EOI Space is preparing to launch a constellation of Stingray satellites to gather ultra-high-resolution Earth imagery from very low Earth orbit. Credit: EOI Space

SAN FRANCISCO – EOI Space, the Earth-observation startup formerly known as Earth Observant, attracted its first major customer for ultra-high-resolution imagery drawn from a constellation of satellites destined for very low Earth orbit.

NTT Data, part of the Tokyo-based technology company NTT Group, is acquiring 2.5 percent of EOI plus exclusive rights to sell EOI satellite imagery in Japan, one of the world’s largest Earth-observation markets.

NTT Data is the first partner to sign up for priority access to EOI imagery and services. EOI plans to work with other organizations and governments across the globe, but the NTT Data contract is an important one.

“That contract we have with NTT alone makes us profitable,” Christopher Thein, EOI CEO and co-founder, told SpaceNews.

EOI is preparing to send its first Stingray satellite into very low Earth orbit in early 2024 on a SpaceX Falcon 9 rocket rideshare flight. Five more EOI satellites are scheduled to follow on SpaceX flights within one year.

In 2023, NTT Data will establish a secure access facility in Japan to downlink data from the Stringray constellation. NTT Data expects to begin acquiring satellite imagery from EOI in December 2024.

Through added-value services like imagery analysis based on artificial intelligence, NTT Data forecasts sales related to its pact with EOI to exceed 10 billion yen ($72.4 million) by 2028, according to a Nov. 25 NTT Data news release. Most sales will come from defense, public safety, and disaster management applications, the release added.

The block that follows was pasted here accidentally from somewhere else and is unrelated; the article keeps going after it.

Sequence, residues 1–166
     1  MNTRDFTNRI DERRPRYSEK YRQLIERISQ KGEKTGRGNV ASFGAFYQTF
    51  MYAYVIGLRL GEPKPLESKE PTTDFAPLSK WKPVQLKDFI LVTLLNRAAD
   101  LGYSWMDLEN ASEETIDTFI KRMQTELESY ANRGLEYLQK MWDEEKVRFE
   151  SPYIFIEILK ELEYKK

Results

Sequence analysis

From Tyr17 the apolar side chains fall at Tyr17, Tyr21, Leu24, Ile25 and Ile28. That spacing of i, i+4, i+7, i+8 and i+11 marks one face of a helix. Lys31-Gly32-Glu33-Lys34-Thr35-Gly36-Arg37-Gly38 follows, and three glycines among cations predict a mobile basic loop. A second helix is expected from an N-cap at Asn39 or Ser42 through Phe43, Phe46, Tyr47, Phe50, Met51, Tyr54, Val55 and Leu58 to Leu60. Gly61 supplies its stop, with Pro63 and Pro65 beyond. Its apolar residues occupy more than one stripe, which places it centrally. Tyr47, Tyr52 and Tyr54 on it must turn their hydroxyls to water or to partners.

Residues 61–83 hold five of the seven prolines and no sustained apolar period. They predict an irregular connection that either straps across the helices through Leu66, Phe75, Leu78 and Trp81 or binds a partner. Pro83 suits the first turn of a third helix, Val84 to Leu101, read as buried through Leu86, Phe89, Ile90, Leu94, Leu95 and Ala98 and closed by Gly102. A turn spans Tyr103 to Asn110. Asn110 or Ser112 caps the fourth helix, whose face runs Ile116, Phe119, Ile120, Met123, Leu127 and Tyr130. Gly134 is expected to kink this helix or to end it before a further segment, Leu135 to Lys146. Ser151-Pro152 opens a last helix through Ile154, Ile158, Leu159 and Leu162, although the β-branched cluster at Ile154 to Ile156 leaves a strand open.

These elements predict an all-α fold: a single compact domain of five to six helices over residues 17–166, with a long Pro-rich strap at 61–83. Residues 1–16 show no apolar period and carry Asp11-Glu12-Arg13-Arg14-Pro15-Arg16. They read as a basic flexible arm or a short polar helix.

“By utilizing EOI Space’s Stingray constellation, we will be able to accumulate large amounts of very high-resolution imagery in our data center and analyze it locally,” Hideyuki Nakamura, NTT Data executive manager, said in a statement. “Using our latest AI algorithms, we will provide value-added products to our customers by extracting the differences from past and newly collected data to detect anomalies. In addition, we will be able to expand the use of EOI Space’s imagery into various disaster prevention systems and facility maintenance projects that will be developed in the future, creating new products that improve resiliency.”

Extensive onboard processing will allow EOI Stingray satellites to deliver data rapidly.

“People are going after onboard compute,” Thein said. “We are going after it in a much bigger way. We will have a cluster of multiple devices on the spacecraft.”

EOI, based in Louisville, Colorado, was founded in 2017 to provide government and commercial customers with Earth imagery.

“I look forward to serving the commercial market, but we are more focused on defense and national intelligence from the get-go because those are the customers that buy the most data and want, specifically, the highest resolution,” Thein said.

Satellites traveling in very low Earth orbit require propulsion to offset atmospheric drag. EOI developed its own Hall-effect thruster for its 330-kilogram satellites.

Debra Werner is a correspondent for SpaceNews based in San Francisco. Debra earned a bachelor’s degree in communications from the University of California, Berkeley, and a master’s degree in Journalism from Northwestern University. She...